Why I Read


–Mark Twain

There are 26 letters in our alphabet and with them we are able to create worlds! Lives! Experiences! If that doesn’t strike awe in a person, I don’t know what can. Move a letter change the meaning. Rearrange a word and you have made something completely new.


Writers have always been my heroes, my ideal. To be able to do what a writer does is the one thing that inspires me. Really, nothing can compare to creating the perfect phrase, except to string together many amazing sentences in order to tell a story beautifully. I will worship anyone who does that well and I will be happy if I can emulate the same.


The written word has held meaning to me since I can remember. Some of my earliest memories are of my mother reading Alice in Wonderland to me at bedtime. My grandmother had a small alcove just off her living room. One wall was windows with bookshelves beneath, one wall held my great-grandmother’s organ and the opposite wall was floor to ceiling bookshelves. Those shelves overflowed and grew and changed daily. It was organic. Those books were read, not just by my grandmother, but the entire family. Nothing pleased me more than to have a quiet moment alone to explore that little space. That is where I discovered and took for myself books that had been my mother’s when she was a child: The Water Babies; Pollyanna; Lorna Doone among others.


When I became a mother, I read the New York Times aloud to my infant along with Pat the Bunny and Goodnight Moon. Therese, her godmother, sent her every Dr. Suess book and later every Harry Potter as they were published. I read these to her at bedtime and later read with her. My proudest mom accomplishment is having raised a reader. We still talk books and share great reads.

I know that reading is not an integral part of everyone’s life, but if you visit our home you will see that it is the main thing. My husband and I read every day. We read a lot. We discuss what we read. We respect one another’s need to read. It’s what we do. Of course, we have other interests.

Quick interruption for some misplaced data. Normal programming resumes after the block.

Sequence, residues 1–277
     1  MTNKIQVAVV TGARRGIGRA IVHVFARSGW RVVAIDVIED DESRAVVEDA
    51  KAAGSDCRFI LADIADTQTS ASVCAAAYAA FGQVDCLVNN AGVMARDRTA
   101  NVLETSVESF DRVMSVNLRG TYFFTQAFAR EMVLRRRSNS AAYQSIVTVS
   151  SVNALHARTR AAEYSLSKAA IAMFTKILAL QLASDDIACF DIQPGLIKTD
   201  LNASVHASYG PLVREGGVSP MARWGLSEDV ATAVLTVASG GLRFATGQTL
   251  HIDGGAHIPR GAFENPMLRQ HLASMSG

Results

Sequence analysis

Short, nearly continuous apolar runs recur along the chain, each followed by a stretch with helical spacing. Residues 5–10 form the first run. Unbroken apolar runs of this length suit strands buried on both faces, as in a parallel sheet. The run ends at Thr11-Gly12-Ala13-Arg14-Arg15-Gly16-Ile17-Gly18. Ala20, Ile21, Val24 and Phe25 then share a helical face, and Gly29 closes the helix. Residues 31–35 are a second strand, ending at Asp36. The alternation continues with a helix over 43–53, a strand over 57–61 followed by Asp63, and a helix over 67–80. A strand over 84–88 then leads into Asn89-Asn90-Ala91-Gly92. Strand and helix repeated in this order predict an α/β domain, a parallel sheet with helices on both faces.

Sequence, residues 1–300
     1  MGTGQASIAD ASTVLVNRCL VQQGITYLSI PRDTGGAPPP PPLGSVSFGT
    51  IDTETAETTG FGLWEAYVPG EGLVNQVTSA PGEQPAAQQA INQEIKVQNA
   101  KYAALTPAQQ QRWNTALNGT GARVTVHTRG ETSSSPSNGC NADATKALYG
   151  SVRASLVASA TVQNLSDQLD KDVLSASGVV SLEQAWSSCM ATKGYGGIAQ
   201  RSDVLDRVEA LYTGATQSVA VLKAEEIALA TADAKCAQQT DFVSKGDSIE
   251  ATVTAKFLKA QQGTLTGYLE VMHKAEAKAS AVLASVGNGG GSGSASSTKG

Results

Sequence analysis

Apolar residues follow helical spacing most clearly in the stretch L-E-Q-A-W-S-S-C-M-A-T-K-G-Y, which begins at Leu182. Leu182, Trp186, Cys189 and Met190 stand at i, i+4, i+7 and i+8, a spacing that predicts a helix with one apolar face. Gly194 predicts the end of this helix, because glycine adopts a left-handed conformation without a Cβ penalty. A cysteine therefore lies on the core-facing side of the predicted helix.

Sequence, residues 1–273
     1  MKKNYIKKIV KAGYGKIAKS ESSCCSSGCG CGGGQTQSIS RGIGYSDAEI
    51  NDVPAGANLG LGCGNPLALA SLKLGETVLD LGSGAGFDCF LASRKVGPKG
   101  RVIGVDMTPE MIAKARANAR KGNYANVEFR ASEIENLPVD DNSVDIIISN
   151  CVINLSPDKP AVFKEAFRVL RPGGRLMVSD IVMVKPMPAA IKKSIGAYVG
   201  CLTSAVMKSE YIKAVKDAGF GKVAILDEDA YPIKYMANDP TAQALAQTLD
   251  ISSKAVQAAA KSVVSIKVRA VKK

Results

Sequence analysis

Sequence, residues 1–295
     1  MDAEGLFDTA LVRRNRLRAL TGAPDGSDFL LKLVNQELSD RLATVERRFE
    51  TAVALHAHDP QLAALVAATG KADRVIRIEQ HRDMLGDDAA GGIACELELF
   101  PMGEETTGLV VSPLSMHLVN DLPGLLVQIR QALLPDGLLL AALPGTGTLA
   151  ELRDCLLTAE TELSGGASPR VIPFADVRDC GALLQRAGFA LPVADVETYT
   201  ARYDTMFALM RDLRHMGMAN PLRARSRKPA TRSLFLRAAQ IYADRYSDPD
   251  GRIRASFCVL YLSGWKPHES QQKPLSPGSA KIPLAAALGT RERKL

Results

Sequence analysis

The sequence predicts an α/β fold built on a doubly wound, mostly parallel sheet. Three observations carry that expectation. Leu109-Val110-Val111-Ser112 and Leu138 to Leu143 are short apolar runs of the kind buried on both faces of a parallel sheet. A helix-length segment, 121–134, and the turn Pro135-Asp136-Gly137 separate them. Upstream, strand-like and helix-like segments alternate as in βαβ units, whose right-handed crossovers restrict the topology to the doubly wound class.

When I was a school librarian, my students thought that’s all I did. It’s good that they thought that. I wanted them to see that reading was as necessary as breathing because to me it is. I hope that, because I was a role model, that many of my former students grew up to live this way too. Reading, after all, teaches us so much. Storytelling is what makes us human. We understand ourselves and the world around us when we read. And it can be awe-invoking. Our world is filled with wonder and books are one way of capturing those amazing wonders. It was never intentional, being a role model, but that’s the best kind there is because it is genuine.

Reading makes me a stronger writer. It can make us all better humans. Spend time reading and, I promise, you will appreciate life a little more.

Mud in My Blood

I went down to Mississippi to see the place; really, I was just passing through. Vanessa was with me and we stayed with my Uncle Pat and Aunt Terri for the night. I would’ve like to stay longer. This was several years ago. She and I were taking a road trip to Atlanta to visit another friend who we hadn’t seen since high school. We were on a schedule. Sort of.